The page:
The design and prototypes are out there. The explanation of how Rivian was packing the cells was described with a picture of how they were packing and cooling. It was mainly mechanics. Hard to doubt the application. As for the cells, cylindrical cells aren’t a mystery and freely available for many years. It’s the exact recipe that’s the deal. I have no reason to doubt LGs claims. They’ve built cylindrical cells for many applications. They didn’t begin with GM’S formulas. In any case, it will come out in the wash. Not a lot of doubt about that.

“Again: Tesla is not a car company. It’s a battery company that also makes cares.”

I’m sure it will come as a great surprise to Panasonic that Tesla makes its own battery cells. 🙄

95% of Tesla’s income, or more, comes from selling cars. Tesla isn’t an “energy company”, nor a “battery company”. It’s an automobile maker with a few minor sidelines.

These evannex puff pieces are hard to read. How’s about some actual details above and beyond the Tesla is great rah rah?
Ever seen beer can production? The machines need to be filmed with high speed cameras and then slowed down to see individual cans. So they’ve been at “air friction” level of concerns for many years.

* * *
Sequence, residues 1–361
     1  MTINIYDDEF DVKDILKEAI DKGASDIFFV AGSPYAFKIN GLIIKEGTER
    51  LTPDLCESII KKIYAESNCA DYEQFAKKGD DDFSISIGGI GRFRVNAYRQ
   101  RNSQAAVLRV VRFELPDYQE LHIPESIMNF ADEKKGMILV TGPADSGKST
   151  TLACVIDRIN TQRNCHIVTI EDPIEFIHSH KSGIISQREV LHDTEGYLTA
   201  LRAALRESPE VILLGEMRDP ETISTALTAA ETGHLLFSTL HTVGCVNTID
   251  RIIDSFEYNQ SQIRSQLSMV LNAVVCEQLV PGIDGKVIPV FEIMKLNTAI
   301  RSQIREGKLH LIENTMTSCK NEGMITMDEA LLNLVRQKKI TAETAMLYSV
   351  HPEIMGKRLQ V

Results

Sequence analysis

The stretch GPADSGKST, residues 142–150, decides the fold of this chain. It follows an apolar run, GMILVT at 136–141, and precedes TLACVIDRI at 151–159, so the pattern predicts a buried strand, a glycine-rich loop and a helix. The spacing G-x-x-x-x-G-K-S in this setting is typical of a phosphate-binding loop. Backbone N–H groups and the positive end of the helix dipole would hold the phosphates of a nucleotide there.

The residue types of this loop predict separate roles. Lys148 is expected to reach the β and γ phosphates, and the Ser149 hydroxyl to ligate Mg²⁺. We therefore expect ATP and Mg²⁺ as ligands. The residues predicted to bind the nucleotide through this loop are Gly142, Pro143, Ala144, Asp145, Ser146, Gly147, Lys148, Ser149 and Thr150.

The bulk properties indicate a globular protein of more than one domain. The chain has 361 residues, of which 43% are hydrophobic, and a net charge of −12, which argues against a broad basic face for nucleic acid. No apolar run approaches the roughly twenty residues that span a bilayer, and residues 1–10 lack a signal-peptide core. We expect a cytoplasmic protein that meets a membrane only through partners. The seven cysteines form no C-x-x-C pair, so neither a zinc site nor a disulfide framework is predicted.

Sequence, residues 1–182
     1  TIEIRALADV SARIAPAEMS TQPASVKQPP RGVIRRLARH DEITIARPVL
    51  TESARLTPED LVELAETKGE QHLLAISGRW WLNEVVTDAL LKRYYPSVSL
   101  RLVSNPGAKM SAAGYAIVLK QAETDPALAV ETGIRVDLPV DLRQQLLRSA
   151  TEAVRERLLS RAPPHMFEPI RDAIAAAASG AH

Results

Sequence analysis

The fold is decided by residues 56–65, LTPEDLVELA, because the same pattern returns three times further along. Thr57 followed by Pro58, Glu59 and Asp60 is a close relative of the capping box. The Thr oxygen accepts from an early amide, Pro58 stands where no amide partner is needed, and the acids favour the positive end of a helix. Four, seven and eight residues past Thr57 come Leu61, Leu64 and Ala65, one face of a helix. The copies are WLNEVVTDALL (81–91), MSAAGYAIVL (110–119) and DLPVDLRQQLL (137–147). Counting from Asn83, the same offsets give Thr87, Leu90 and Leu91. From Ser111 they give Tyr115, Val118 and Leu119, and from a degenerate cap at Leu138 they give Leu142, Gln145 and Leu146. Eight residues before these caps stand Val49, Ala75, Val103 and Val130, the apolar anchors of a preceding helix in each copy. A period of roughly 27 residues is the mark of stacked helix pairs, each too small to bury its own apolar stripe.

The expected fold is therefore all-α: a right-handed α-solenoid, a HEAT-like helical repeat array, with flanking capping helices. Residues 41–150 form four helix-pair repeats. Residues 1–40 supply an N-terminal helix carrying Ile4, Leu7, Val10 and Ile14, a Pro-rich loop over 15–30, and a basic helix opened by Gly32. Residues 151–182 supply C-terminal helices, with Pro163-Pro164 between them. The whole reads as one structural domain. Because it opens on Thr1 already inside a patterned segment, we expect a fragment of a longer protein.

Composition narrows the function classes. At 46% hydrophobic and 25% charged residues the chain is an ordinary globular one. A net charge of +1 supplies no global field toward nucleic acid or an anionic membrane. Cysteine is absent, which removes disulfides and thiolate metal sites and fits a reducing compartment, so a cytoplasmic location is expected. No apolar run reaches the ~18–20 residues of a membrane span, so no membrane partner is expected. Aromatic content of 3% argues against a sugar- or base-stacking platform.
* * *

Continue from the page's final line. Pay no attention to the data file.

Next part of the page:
Company secrets are just that, secrets. We see the results (lower price, higher efficiency, higher energy density, etc), we can comment and speculate on the why and how, but we don’t have insider info to provide details. And you want to compare battery cell and pack production to beer cans? Lol, ok.

It’s also important to note that production of the battery cells is done by Panasonic, which may be more privacy-conscious than Tesla. And as the previous poster said, all companies have trade secrets. Tesla and Panasonic clearly believe their battery production and assembly process is proprietary and they don’t want other companies copying it.

Yup. In tours of Gigafactory 1, the Panasonic areas are off-limits, and there are even reports of covers being put on Panasonic production line machines, to hide them from tours passing by one of the Panasonic areas.